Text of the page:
In CEO Middle East last month, consultancy firm Boyden’s Matthew Lewis said Brexit, a Sino-US trade war, falling oil prices reducing Gulf Arab GDPs, “send mini emotional shock waves through all of us, releasing small doses of the stress hormone cortisol into our systems. This induces a mini flight-or-fight stress response, leaves worforces polarised, and impacts engagement and productivity.”
Lewis argued that broken social contracts by governments around the world affect the market for talent recruitment, retention and performance efficiency. This in turn affects overheads, insurance reimbursements, and overall economic GDP.
While flying taxis, hyperloop transport systems and blockchain carry tremendous promise, their implementation must be paralleled with wide-scale global economic reform that doesn’t leave future generations in a world reminiscent of Elysium where the haves benefit in secluded communities away from desperation of the have-nots.
It was best expressed by the managing director of the International Monetary Fund (IMF) Christine Lagarde, when she said, “Our young people of tomorrow must be the ones that cultivate the benefits of technology such as AI, and it is the role of world governments to ensure that it happens.”
Globalisation and capitalism have a solution in young people, says Dubai Cares CEO Tariq Al Gurg.
“The current generation, despite all its experience and skill, can only work to a certain limit and speed,” he said. “We will not be able to take care of the world’s needs without youth who are equipped, flexible, resilient, and adaptable, especially with the pace of technological advancement and now a fourth industrial revolution.”
Al Gurg spoke with Arabian Business at the seventh World Government Summit held in Dubai, where his organisation had been promoting a youth-centric agenda to attendees at the WGS.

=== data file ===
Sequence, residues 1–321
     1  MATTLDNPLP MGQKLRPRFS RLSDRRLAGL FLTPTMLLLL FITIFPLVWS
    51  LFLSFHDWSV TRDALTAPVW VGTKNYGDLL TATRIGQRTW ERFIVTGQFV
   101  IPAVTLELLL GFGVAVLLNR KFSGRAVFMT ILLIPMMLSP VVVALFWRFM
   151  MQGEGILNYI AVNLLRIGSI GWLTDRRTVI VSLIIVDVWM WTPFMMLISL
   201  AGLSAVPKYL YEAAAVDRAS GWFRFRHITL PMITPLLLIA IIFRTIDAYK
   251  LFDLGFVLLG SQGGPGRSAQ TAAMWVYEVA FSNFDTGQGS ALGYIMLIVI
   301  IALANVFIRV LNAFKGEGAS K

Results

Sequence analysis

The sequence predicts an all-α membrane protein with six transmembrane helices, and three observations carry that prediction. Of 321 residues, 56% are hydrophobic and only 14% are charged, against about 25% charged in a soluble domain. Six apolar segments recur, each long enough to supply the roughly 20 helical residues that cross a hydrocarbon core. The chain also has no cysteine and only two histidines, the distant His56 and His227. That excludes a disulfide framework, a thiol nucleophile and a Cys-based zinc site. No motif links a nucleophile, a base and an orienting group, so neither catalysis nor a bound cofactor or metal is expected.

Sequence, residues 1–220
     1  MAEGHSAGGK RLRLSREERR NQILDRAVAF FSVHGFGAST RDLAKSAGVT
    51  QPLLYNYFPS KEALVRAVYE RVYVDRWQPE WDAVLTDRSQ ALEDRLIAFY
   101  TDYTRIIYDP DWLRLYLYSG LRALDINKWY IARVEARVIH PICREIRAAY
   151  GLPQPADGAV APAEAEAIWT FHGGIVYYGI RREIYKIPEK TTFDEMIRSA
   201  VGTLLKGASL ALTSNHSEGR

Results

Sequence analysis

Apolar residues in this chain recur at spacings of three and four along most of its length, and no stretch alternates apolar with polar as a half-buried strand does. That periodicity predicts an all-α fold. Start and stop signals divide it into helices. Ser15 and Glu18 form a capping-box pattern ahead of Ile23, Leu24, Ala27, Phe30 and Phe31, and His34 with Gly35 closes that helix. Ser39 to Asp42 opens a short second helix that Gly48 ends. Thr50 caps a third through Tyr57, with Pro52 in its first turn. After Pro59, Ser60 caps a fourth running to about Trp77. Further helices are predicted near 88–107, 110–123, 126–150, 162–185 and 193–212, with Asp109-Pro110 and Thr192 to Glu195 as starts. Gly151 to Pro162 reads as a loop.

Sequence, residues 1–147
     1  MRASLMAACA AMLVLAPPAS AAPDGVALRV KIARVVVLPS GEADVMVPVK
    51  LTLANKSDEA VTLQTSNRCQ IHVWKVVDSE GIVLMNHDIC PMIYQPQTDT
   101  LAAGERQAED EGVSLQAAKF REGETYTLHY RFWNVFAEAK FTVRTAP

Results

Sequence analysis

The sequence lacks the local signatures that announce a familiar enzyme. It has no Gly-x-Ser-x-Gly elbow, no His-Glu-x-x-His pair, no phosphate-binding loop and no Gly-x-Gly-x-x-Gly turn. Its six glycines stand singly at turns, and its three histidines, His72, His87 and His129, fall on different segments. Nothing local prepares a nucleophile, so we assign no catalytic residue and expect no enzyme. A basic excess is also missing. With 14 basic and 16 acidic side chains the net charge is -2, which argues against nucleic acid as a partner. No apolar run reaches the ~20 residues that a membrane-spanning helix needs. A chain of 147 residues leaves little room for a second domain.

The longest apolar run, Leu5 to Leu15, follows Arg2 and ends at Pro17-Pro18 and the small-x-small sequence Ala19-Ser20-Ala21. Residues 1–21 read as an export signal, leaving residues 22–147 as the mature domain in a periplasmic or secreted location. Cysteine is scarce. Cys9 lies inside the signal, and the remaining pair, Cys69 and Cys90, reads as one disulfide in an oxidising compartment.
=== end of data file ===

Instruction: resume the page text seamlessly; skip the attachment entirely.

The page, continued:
On the first day of the Summit, Dubai Cares signed the Dubai Declaration on early childhood development (ECD) with UNICEF and the UAE’s Ministry of Foreign Affairs and International Cooperation. Three years in the making, the declaration aims to compel governments to consider the importance of ECD programs in their policy programmes.
It also issued guidance to governments on how to provide health, care, and nutrition advancement to children in their first 1,000 days during pre-school so they can be adequately prepared for life after.
An estimated 249 million children under five in developing world countries — 43 per cent of their populations — are at risk of poor development due to extreme poverty and stunting, according to statistics from UNICEF.
Dubai Cares is on the board at UNICEF’s Generation Unlimited. Launched by the agency at the UN General Assembly in September, it aims to improve opportunities global youth can avail by reducing the economic burden of welfare on governments.
“If you can prepare youth in their early years then you can help them prepare for the future, and all the talk on capitalism and globalism [at the Summit] ties into that,” said Al Gurg.